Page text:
5 Helpful Tips You’ll Want to Know Before You Travel to Cambodia
Originally I planned to travel to Cambodia for a volunteer trip. My initial thought was to complete the volunteer assignment and then move onto another country in Southeast Asia. Once I started looking into it more, Cambodia revealed itself as a country steeped in history, ancient religion and an impressive culture, and I moved my itinerary around to make room to do some exploring.
Don’t let its small stature deceive you. There are more than enough things to spend your time doing and there are several things to know ahead of time to help tackle your Cambodia experience:
5 Helpful Tips You’ll Want to Know Before Travel to Cambodia
Temple Fatigue is Real
Angkor Wat is the major attraction that brings millions of visitors to the country each year. The 9-11th century temples are all located in a massive archeological complex giving us a small glimpse into the religious happenings in the country during the reign of Kings like Jayavarman VII who built several temples in the complex.
There are many options when planning your visit to Angkor Wat. Many people spend time trying to plan the best route to see each major temple, finding the quiet tourist free spots and plotting their locations for those epic sunrise and sunset shots. There are one, three and seven-day passes to gain access to the property. Backpackers breezing through Siem Reap will often try to conquer the complex in a day. If you start at Angkor Wat at sunrise, by lunchtime you will be cross-eyed from looking at carvings, climbing pagoda stairs and learning of the massive amount of history that is attached to each location.
Do yourself a favor and add an extra day or so. Take your time and break up the sightseeing. The temples start to mesh together after a while and you won’t truly appreciate the story of the buildings and the beauty if you cram it into one tour.
The Currency Game
Trying to master currency conversions can be confusing if you are working with only one exchange rate but in Cambodia it seems that you can use just about anything. I’ve never been to another country where I could use their local currency, (Riel), US dollar, Euro, and I even managed to offload some of my extra Indonesian Rupiah. My advice is to stick to one currency and that way you are less likely to be confused and possibly not receive correct change. If you pay in US dollars you are likely to get Riel back in small bills so do yourself a favor and brush up on exchange rates before you go. XE Currency has a great app that conveniently lets you move from different monies to keep you in the know when rates change.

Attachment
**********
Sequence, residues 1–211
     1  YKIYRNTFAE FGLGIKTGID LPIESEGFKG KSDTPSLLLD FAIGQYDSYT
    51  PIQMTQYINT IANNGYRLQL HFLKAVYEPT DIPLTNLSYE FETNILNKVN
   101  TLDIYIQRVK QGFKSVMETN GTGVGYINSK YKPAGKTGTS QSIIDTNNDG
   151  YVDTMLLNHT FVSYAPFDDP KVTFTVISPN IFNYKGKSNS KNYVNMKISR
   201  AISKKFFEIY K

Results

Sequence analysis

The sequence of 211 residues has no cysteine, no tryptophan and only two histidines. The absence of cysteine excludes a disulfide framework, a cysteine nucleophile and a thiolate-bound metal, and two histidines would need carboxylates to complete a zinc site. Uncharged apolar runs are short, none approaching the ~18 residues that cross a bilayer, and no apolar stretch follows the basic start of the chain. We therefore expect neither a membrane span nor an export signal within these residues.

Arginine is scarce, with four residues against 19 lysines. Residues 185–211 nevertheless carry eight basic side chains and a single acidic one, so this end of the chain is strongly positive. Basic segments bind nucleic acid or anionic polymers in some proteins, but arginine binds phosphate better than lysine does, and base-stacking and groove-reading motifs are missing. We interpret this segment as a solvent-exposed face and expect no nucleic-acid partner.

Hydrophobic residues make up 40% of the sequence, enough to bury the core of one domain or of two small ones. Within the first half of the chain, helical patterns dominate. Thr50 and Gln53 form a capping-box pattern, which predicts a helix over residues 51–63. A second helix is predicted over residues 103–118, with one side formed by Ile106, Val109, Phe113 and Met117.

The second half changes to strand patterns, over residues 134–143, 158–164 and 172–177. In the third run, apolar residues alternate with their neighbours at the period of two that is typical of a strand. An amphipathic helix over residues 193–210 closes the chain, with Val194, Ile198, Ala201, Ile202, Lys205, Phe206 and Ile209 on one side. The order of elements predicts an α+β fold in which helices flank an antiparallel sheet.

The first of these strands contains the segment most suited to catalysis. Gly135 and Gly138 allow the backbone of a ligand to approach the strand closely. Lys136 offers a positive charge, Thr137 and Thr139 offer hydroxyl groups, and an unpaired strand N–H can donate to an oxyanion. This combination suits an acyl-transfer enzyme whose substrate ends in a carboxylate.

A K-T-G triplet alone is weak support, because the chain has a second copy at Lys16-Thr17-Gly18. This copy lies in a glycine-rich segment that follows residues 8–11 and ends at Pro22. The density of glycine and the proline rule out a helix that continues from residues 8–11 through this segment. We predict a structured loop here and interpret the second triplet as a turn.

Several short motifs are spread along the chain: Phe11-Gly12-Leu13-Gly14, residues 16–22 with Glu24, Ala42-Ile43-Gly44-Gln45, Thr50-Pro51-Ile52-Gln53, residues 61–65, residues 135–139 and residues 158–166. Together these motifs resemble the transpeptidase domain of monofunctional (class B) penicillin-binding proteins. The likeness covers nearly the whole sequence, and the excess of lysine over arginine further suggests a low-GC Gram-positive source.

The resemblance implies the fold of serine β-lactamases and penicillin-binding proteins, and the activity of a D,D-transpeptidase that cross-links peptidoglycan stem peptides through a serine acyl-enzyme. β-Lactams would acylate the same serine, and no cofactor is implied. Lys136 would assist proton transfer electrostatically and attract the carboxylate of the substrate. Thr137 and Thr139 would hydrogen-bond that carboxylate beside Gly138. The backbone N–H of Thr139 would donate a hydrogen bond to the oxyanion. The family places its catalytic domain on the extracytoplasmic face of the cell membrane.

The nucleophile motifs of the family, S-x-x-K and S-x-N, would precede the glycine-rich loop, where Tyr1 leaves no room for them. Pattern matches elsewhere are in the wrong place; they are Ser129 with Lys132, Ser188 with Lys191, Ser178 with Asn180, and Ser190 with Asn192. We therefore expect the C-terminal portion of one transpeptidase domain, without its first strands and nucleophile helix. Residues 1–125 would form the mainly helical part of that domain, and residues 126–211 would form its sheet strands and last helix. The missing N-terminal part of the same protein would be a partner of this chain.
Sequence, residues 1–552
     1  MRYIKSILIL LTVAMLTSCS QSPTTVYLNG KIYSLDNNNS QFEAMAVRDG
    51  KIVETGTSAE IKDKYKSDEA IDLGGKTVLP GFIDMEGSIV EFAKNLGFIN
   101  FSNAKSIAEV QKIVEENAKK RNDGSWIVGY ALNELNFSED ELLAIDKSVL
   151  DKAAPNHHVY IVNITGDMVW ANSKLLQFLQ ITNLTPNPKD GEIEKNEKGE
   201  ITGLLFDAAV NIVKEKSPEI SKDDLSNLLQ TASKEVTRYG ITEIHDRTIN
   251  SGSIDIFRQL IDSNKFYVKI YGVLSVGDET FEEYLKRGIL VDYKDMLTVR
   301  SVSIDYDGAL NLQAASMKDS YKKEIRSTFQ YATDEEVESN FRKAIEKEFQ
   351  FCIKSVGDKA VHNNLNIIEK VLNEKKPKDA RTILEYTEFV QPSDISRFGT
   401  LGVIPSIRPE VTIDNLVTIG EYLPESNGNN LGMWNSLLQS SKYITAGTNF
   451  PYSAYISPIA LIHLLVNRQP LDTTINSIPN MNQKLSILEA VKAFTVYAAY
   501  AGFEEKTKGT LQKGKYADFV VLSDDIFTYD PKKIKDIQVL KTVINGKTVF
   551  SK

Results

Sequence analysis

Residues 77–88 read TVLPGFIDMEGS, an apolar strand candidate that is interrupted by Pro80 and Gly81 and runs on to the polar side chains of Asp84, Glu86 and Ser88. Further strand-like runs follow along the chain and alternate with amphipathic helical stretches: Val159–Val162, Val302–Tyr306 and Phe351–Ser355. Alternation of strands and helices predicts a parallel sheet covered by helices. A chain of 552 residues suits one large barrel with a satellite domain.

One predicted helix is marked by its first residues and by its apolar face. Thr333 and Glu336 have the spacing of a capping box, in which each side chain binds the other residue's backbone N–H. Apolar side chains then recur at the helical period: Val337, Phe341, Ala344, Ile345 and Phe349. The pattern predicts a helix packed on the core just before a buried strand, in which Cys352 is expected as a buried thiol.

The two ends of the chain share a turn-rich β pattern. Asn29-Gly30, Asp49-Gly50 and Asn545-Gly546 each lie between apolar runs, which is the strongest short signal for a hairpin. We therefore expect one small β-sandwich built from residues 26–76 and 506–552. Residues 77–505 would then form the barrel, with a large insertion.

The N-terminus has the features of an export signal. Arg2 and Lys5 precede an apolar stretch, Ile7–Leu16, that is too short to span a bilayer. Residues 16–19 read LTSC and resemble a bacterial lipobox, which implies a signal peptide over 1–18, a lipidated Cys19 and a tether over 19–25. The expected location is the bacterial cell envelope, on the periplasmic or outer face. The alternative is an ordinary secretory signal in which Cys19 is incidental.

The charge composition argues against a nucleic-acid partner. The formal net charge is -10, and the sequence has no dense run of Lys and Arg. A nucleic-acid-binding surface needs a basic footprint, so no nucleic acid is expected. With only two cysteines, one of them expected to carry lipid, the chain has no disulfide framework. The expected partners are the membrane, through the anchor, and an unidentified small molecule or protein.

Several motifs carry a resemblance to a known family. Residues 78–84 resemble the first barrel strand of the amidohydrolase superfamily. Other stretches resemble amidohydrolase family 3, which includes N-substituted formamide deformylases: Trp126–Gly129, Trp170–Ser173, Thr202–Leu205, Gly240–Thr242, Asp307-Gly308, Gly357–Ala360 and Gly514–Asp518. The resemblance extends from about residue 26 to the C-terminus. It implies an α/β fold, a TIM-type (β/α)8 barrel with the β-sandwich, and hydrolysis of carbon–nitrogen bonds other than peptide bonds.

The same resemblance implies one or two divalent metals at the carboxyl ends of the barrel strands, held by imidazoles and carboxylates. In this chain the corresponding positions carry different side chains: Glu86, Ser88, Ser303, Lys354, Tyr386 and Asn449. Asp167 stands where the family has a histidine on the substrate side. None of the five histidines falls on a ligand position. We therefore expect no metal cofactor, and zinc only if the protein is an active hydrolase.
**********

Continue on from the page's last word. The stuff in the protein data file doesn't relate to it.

Several other Southeast Asian countries may take the lead in crystal blue waters and squeaky sand beaches but Cambodia has several popular destinations that are also a little slice of paradise and make for a fabulous location for a break from the cultural tourism.
Sihanoukville is the more famous beach location and is a busy backpacker hub. Look further down from the main party to Otres Beaches (I, II & III) for a more relaxing atmosphere. A short boat ride away are several pristine locations. All are perfect for a day trip or to spend a few days in a beach bungalow and unwind. Koh Rong is the more famous and now seems to be marketed towards the partying twenty-something on gap year. To find the smaller, quieter spots head to Koh Rong Samloem. There, you can achieve the feeling of being marooned on an island all to yourself.
Kep is another serene beach town. The have even fewer tourists and some amazing eco lodges on the base of the National Forest. They are known for their tasty blue crab and on weekends the beach is populated with families from the surrounding provinces taking an afternoon picnic and enjoying the sunshine with friends and family. Kep has a day trip to Rabbit Island, which has a similar vibe to the other less populated islands.
Love Thy Hammock
You will always find a lackadaisical atmosphere in tropical climates. The pace is a little slower and naps are more regular occurrence. But, the Cambodian people take their rest time very seriously and hammocks are quickly spotted everywhere you turn. The tuk tuk drivers stow them away in their seats. Later, they will tie them to their cabs for an afternoon siesta. Shop owners will have them attached to their front porches. They usually do so with a sleeping child gently rocking back and forth and multicolored nets are always swaying from guesthouse entryways, waving you in with a welcome.
Originally I planned to travel to Cambodia for a volunteer trip. My initial thought was to complete the volunteer assignment and then move onto another country in Southeast Asia.
It quickly becomes a game to spot where a piece of fabric will ultimately be hung and I had even spotted a woman quickly weaving several vines together onto a tree by her roadside stand for a spot to sit. Kick up your feet! It is a great way to get ingratiated in the culture while taking time to relax on your holiday.
The Friendly Faces
The history of the Cambodian people within our lifetime has come with some tragic tales. The Khmer Rouge had decimated a large part of the population in the 70’s. It’s estimated that around 2 million people were murdered during the rule of Pol Pot. Even with such a dark past the local people are excited to share their traditions and customs and are happy to show their country to visitors.
There is an increasing problem in Phnom Penh with street theft. In fact, my bag was snagged by a motor biker a few days before I was due to depart. Even with that experience, I left with a bright view of the people I encountered. Instead of leaving a bad taste in my mouth, I will have fond memories of the people and their positivity.
Photo credits for 5 Helpful Tips You’ll Want to Know Before You Travel to Cambodia by Abbie Synan.